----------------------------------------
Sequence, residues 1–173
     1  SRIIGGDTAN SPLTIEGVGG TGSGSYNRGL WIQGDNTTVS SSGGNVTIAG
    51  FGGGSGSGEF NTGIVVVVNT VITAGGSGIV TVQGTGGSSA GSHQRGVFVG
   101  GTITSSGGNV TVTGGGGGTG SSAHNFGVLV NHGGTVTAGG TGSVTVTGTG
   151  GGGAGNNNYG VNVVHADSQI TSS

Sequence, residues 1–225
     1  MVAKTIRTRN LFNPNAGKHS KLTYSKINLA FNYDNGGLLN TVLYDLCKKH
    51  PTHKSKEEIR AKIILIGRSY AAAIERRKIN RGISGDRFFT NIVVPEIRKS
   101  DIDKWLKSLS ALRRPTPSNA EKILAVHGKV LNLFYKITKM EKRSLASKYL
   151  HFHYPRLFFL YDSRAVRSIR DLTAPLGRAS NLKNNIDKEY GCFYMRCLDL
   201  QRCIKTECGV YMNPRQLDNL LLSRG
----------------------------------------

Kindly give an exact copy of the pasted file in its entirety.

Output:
Sequence, residues 1–173
     1  SRIIGGDTAN SPLTIEGVGG TGSGSYNRGL WIQGDNTTVS SSGGNVTIAG
    51  FGGGSGSGEF NTGIVVVVNT VITAGGSGIV TVQGTGGSSA GSHQRGVFVG
   101  GTITSSGGNV TVTGGGGGTG SSAHNFGVLV NHGGTVTAGG TGSVTVTGTG
   151  GGGAGNNNYG VNVVHADSQI TSS

Sequence, residues 1–225
     1  MVAKTIRTRN LFNPNAGKHS KLTYSKINLA FNYDNGGLLN TVLYDLCKKH
    51  PTHKSKEEIR AKIILIGRSY AAAIERRKIN RGISGDRFFT NIVVPEIRKS
   101  DIDKWLKSLS ALRRPTPSNA EKILAVHGKV LNLFYKITKM EKRSLASKYL
   151  HFHYPRLFFL YDSRAVRSIR DLTAPLGRAS NLKNNIDKEY GCFYMRCLDL
   201  QRCIKTECGV YMNPRQLDNL LLSRG